Archive for December, 2008

Pigs on Ice Tour Diary: Day 3

December 31, 2008

Day started off with promise – a trip to an elusive Sonic restaurant.

A Frito chili cheese wrap is more delicious than believed. A van of full of happy campers blasting Devo heads north, where we encounter the following scene: a large dead dog, possibly a Mastiff, laying prostrate in the middle of the highway, followed 100 yards later by a crying woman in an SUV. Those in the front of the van put together the tragedy that has occurred and grow somber. The back misses the entire event and continues their good spirits. Awkwardness ensues. The Devo comes out and Coltrane goes in; it seems inappropriate to listen to bouncy punk after what we just saw.

Last night’s show was bad (forced to play first, watched by four people, two of whom left mid-set) but it could always be worse.
-Brian Whitney


Top Five of 2008: DJ Hostettler’s memorable moments

December 31, 2008

Fan-Belt contributor DJ Hostettler plays drums in Ifihadahifi

1. My band embarrasses a member of the Go-Gos at Steel Bridge ’08

This year was my band’s third year playing pAt mAcdonald’s Steel Bridge Songfest up in Sturgeon Bay, and our friend Dixie from White, Wrench, Conservatory’s first year participating in the week-long writer’s workshop that takes place in the days leading up to the festival. Dixie was fortunate enough to be teamed with a certain former Go-Go named Jane Wiedlin, a recent transplant to Madison no matter what her MySpace says. The show we played at the fest took place in a bowling alley and also featured WWC and Madison rockers Whore du Jour, who are also Jane’s backing band from time to time. Thus, Jane was at our show, dancing up a storm and being crazy and rowdy.

Now, it’s important to note a few things for this story to have its full impact: 1) My band covers the Go-Gos’ “We Got the Beat” and 2) we found out from Dixie earlier in the day that “We Got the Beat,” well, isn’t one of Jane’s favorite Go-Gos tunes, to put it politely. Of course, during our set we were way too drunk to care about what Jane liked, so at one point HiFi bassist The Fucking Wizard exclaims loudly in the the mic, “JANE! I know you don’t like this song, but you’ve gotta sing it with us! Get up here!” Jane leaps onto the stage while saying “what are we doing? I don’t know your songs,” while I start the opening drum beat for “We Got the Beat.”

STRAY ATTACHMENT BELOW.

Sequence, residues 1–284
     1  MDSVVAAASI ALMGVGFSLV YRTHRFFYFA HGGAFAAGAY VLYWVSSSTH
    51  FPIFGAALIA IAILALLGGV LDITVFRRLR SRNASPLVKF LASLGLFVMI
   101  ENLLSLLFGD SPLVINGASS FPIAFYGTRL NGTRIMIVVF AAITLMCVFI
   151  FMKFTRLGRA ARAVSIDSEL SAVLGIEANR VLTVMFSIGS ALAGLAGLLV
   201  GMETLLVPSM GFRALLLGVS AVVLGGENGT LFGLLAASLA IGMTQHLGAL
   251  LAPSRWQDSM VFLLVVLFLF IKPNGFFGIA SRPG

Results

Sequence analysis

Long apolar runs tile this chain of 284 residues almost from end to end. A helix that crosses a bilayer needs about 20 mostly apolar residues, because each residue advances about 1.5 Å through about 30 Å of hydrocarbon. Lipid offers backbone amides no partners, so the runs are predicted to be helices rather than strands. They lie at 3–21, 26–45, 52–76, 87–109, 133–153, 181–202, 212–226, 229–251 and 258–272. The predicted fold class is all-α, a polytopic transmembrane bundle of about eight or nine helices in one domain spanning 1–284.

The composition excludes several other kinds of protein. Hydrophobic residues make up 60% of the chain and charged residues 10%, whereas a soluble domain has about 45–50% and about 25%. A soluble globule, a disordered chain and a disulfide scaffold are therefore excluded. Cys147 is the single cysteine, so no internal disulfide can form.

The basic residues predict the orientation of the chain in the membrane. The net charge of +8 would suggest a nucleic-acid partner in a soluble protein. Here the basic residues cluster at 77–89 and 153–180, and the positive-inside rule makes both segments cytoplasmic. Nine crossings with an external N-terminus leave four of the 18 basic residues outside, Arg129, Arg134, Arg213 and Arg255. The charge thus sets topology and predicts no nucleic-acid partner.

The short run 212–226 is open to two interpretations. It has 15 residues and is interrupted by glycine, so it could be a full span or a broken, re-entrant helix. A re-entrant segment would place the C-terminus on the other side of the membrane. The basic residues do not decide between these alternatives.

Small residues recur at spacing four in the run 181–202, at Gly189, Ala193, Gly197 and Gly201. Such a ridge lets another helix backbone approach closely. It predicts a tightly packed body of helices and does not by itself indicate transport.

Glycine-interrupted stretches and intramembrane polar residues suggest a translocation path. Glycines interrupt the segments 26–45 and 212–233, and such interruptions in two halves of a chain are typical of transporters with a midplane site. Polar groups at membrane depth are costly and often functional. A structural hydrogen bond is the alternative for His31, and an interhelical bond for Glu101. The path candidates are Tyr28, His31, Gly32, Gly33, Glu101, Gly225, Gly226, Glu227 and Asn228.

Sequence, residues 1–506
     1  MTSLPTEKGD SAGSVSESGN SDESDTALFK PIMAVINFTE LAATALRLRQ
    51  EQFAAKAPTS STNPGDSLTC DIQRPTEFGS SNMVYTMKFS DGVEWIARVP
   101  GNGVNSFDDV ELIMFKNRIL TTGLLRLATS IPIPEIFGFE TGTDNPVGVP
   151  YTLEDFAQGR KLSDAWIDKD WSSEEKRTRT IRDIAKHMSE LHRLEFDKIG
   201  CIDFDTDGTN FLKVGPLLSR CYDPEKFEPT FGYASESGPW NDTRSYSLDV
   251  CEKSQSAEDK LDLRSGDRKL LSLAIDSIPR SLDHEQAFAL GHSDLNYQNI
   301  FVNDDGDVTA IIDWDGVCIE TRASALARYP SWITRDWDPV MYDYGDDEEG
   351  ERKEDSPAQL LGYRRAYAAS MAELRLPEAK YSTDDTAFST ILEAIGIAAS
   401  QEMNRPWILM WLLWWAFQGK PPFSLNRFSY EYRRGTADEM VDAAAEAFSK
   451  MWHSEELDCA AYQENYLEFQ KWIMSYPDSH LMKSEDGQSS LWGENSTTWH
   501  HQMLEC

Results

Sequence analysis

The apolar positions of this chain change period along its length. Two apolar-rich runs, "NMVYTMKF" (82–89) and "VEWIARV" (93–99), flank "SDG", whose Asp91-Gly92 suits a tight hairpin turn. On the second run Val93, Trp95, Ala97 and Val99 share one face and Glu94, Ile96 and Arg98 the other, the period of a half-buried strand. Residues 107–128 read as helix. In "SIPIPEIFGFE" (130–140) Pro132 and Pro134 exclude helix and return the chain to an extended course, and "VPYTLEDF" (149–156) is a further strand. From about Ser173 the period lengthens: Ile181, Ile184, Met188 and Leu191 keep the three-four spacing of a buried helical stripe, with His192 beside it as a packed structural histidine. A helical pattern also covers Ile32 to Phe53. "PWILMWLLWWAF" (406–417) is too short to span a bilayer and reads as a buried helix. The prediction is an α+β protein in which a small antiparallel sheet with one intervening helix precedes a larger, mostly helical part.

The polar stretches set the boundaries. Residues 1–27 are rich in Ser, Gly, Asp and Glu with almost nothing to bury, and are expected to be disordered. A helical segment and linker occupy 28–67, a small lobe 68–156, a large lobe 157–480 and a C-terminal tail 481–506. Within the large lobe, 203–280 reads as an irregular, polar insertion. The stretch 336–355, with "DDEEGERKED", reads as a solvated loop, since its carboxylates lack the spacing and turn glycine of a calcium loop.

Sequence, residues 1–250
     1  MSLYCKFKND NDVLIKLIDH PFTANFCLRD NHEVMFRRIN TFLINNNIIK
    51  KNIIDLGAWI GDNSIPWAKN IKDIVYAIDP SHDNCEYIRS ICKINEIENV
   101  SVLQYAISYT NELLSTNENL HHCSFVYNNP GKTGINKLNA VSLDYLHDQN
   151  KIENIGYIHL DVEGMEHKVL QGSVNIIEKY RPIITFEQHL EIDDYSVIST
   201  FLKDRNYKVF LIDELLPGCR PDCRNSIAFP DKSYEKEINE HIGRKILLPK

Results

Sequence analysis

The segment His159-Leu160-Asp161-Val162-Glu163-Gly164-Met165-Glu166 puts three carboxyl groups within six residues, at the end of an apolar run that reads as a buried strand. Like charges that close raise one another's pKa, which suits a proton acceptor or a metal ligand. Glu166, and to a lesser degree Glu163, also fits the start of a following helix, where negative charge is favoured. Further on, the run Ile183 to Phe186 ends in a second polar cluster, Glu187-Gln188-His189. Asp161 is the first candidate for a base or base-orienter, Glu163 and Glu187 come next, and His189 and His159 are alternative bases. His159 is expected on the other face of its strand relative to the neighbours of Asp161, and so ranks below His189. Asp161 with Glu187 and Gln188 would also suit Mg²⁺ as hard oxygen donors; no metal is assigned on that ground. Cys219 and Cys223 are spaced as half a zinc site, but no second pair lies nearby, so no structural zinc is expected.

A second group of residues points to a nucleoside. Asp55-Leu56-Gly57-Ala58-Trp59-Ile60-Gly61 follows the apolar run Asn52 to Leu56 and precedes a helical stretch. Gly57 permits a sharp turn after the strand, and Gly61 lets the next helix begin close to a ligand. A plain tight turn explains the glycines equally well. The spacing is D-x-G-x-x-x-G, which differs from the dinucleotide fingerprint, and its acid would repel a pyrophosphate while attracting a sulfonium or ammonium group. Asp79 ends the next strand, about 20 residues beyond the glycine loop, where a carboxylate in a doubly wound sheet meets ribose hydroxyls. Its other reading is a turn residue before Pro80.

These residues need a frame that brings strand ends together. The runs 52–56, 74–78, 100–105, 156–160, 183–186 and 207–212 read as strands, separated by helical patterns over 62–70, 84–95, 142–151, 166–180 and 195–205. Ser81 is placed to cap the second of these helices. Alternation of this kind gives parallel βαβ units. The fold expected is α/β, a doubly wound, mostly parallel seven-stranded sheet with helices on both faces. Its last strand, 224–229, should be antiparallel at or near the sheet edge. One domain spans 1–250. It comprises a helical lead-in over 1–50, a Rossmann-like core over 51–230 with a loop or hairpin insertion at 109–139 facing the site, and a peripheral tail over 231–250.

At the afterparty upstairs from the bowling alley, the members of WWC described it like so: “And then, when you guys started playing the song, Jane very obviously rolled her eyes but started singing anyway.” Jane, if you’re reading this, you’re a great sport and we’re thrilled to have you in Wisconsin. Thanks for singing with us, and sorry if we made you uncomfortable.

Ah, hell. We’re not sorry.

2. Killdozer and Monotonix destroy the Forward Music Fest in Madison

In September, some enterprising Madisonians threw a big weekend-long party called the Forward Music Fest in the Capitol Square area of our sister city 75 miles west. The highlights were easily Israel’s kings of chaos Monotonix, who pulled out all their usual tricks and stunts to blow away the crowd at the Majestic Theatre, and the reformation of Madison’s sleeping pigfuck giants, the mighty KILLDOZER at the High Noon Saloon (possibly the best music venue in the state—sorry, Pabst Theater and Cactus Club). The ‘Dozer sludged through a greatest hits collection of early gems, classic covers (including Neil Diamond’s “I Am I Said” and ZZ Top’s “La Grange”) and latter-day crowd faves (including “Knuckles the Dog Who Helps People” in the encore), leaving the devoted badger throng fully decimated and begging for more. My entire weekend was captured for posterity on my VITAL Source blog, “Cultural Zero,” so read more there if you’re so inclined, and hope that the weekend was successful enough for the organizers to do this all again next fall.